Resignation of 34 employees since January, health insurance savings among reasons, officials say.

Rep. Sara Hannan (right) offers an overview of this year’s legislative session to date as Rep. Andi Story and Sen. Jesse Kiehl listen during a town hall by Juneau’s delegation on Thursday evening at Juneau-Douglas High School: Yadaa.at Kalé. (Mark Sabbatini / Juneau Empire)
Multitude of education issues, budget, PFD among top areas of focus at legislative town hall

Juneau’s three Democratic lawmakers reassert support of more school funding, ensuring LGBTQ+ rights.

Rosemary Ahtuangaruak, mayor of the Inupiaq village of Nuiqsut, at the area where a road to the Willow project will be built in the North Slope of Alaska, March 23, 2023. The Interior Department said it will not permit construction of a 211-mile road through the park, which a mining company wanted for access to copper deposits. (Erin Schaff/The New York Times)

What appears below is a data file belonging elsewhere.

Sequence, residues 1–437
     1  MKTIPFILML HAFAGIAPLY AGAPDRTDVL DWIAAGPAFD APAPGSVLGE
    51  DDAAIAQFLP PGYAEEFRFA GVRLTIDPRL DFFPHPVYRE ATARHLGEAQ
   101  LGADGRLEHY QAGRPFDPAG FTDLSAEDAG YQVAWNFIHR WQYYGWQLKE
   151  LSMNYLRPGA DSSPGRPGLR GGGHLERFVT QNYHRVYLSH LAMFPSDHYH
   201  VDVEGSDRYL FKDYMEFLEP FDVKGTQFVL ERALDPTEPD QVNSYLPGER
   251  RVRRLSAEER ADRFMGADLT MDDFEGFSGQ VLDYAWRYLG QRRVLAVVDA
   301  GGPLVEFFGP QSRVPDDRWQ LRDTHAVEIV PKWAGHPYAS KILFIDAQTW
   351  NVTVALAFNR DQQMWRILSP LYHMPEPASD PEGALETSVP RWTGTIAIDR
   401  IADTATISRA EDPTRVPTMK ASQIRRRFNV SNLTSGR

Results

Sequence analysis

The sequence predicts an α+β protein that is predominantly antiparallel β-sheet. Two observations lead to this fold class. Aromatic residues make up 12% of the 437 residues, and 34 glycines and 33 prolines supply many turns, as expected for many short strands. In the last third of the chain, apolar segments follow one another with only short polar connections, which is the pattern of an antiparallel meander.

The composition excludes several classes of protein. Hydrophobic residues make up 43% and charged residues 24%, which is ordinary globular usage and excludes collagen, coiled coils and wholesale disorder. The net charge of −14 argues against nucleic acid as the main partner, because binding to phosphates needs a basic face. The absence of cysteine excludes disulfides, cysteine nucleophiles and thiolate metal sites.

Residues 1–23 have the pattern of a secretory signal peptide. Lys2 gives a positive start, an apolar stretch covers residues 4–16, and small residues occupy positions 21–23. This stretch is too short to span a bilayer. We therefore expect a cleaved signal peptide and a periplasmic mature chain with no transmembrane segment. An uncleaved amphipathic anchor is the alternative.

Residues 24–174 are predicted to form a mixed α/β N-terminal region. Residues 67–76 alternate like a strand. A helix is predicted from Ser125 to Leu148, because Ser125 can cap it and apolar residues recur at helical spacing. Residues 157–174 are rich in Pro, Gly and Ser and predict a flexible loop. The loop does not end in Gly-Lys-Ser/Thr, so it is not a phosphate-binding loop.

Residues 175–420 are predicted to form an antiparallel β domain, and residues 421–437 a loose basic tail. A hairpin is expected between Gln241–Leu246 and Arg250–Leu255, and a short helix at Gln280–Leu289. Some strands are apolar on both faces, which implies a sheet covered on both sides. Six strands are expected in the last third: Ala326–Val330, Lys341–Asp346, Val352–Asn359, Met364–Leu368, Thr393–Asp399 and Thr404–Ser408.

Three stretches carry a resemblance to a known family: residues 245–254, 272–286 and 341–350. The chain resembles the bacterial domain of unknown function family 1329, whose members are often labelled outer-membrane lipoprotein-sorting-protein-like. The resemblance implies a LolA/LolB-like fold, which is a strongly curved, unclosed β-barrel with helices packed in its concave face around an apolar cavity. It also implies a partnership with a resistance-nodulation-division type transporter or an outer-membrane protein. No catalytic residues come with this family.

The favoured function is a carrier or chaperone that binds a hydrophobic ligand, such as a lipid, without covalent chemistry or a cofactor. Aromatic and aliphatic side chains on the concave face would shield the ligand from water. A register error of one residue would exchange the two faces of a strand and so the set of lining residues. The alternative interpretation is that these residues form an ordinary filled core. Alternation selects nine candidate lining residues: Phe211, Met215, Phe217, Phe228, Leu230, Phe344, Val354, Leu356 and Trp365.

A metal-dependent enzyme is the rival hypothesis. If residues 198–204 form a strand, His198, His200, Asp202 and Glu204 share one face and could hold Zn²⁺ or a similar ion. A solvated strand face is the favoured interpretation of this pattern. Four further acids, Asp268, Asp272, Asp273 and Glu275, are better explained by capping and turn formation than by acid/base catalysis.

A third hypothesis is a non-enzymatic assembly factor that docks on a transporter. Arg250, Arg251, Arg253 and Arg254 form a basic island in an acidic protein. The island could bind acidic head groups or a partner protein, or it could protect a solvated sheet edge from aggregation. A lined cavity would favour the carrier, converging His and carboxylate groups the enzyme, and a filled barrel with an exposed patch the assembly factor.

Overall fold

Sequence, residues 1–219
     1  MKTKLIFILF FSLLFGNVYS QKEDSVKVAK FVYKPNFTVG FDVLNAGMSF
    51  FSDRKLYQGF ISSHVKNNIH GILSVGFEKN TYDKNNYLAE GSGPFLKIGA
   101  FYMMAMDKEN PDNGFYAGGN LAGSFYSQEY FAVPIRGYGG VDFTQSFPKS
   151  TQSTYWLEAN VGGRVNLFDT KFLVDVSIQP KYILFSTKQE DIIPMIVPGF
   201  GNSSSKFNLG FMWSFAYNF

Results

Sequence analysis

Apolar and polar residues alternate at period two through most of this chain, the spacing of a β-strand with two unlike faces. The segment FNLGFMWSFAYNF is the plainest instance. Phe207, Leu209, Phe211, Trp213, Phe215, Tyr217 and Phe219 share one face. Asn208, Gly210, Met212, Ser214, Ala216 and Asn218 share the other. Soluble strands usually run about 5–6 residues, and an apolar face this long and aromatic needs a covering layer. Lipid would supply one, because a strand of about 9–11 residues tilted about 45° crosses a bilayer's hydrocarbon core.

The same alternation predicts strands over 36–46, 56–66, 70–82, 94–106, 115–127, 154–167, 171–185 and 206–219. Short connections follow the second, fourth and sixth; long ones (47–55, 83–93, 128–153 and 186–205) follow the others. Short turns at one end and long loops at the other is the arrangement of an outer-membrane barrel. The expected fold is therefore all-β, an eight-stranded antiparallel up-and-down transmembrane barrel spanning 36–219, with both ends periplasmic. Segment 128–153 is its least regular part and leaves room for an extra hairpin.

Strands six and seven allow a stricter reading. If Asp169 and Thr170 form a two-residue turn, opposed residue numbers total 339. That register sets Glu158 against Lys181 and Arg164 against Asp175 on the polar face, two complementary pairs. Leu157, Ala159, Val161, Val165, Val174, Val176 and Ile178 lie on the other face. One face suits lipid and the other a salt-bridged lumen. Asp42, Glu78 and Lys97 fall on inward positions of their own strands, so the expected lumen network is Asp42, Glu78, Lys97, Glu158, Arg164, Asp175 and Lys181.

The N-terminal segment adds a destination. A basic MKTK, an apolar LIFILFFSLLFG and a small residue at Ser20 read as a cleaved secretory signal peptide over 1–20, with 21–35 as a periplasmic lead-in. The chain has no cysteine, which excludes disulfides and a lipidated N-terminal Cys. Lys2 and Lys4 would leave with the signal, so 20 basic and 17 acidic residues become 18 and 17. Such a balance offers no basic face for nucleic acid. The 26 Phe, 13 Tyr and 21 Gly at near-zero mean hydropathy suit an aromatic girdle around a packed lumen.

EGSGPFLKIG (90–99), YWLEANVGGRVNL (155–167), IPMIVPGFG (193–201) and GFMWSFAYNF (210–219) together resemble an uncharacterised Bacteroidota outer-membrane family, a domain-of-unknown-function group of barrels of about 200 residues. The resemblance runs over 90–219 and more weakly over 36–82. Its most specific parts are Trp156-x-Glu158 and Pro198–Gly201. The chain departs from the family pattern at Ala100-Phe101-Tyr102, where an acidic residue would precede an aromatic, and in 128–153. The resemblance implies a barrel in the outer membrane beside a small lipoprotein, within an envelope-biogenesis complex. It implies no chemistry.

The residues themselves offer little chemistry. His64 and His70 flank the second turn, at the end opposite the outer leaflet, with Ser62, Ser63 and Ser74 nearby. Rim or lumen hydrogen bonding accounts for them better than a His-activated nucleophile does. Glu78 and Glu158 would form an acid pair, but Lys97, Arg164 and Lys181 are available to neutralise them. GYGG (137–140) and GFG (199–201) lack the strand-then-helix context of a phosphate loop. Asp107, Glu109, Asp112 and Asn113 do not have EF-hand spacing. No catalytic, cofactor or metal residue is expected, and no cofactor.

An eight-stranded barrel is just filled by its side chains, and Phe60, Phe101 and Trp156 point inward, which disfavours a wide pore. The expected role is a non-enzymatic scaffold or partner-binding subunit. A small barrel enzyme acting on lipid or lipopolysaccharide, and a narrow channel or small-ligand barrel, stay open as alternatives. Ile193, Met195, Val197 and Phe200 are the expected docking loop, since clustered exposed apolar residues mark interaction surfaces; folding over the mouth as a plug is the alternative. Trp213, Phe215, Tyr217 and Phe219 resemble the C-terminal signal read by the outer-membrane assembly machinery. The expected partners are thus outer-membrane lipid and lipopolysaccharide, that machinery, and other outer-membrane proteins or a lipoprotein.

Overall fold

Biden shields millions of acres of Alaskan wilderness from drilling and mining

The Biden administration expanded federal protections across millions of acres of Alaskan… Continue reading

Allison Gornik plays the lead role of Alice during a rehearsal Saturday of Juneau Dance Theatre’s production of “Alice in Wonderland,” which will be staged at Juneau-Douglas High School: Yadaa.at Kalé for three days starting Friday. (Mark Sabbatini / Juneau Empire)
An ‘Alice in Wonderland’ that requires quick thinking on and off your feet